He started crying again about his dead fighter pilot father, and went on and on about how he’s a VP and lives in Manhattan.  He kept circulating back.

Now, I’m clearly no saint – I may understand people, but it’s patience I lack.  All I can offer is understanding and that’s about it.  I care as equally as much as I don’t care, if that makes any sense.  I’m not proud of it.

I thought to myself – “This is what it would feel like if I was a psychologist.  I’d see this guy once a week and he’ll come cry to me about his problems without getting any better.  There’s no possible way I can be happy and look forward to this kind of work.”

Him – “Can I get your number?  Can we go for a coffee sometime?”

Me – “Sorry, no.  I’m not interested.”

Him – “Oh, that’s okay.  It’s okay.”

Me – “Well, I need a refill.  I’ll see you later.  Just remember that you’re not alone in this.  You’re never alone.”

I got up and went downstairs to hang out with the cool kids.  About 30 minutes later, we heard arguing upstairs and found out that one of our more vocal friends lost her shit and started screaming at the guy whom I thought I could “help.”

Everyone applauded her bravery, and the man left the party.

My friend – “Oh your name is John?  How do you spell John?  Dee, eye, see, kay.  That’s how you spell John.”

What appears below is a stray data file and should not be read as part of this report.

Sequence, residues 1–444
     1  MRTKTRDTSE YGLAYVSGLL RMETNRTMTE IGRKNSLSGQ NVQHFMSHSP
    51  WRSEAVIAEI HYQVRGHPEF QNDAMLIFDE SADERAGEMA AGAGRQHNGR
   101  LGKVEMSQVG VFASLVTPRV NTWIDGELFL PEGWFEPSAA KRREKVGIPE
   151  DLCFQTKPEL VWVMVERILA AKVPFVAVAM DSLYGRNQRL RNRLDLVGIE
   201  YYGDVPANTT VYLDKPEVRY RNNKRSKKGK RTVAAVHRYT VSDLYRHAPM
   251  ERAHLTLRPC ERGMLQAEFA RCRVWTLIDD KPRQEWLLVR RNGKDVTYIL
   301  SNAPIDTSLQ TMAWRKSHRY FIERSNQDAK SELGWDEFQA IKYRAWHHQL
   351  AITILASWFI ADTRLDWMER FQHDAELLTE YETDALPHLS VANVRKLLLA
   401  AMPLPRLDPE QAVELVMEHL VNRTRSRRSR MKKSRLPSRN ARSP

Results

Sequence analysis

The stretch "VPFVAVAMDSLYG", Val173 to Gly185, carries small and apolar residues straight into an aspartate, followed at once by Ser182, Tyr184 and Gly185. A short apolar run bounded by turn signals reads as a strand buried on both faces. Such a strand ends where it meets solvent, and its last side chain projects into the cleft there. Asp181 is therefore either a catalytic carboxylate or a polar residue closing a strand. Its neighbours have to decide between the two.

Everyone at the party became ecstatic, relieved, entertained, over John getting verbally bitch slapped while I stood there feeling uncomfortable.

Me – “The guy is in pain.  He has a lot of hurt.  He has legitimate mental problems.”

I can see why everyone was happy about him getting poopsocked.  She said everything they wanted to say but couldn’t.  But all I saw was cruelty.  I don’t agree with it, but I can understand it.

(I like the word poopsocked.)

It’s depressing because I do understand it.  How people want to vent and let out their frustration onto others.  It’s also depressing to know that I’m not any different.  In fact, I might even be worse.

I was passive, dismissive, and not emotionally attached to his insults and immaturity – perhaps I was the crueler one.  I was cruel because I didn’t care enough about the guy to get me angry enough where I would verbally assault him.  What I did to him instead, was much crueler.  And if everyone at the party reacted the same way I did, the guy would still be in tears.  Completely shattered.

When he started crying real tears I said to him – “this is good.  This is a good sign.  It’s okay.”

I patted him on his shoulder.

At least after getting slammed with a verbal poopsock, he left feeling angry and his anger dispelled the pain of having to face his dreadful ego.  He found someplace (outside of himself) to place the blame.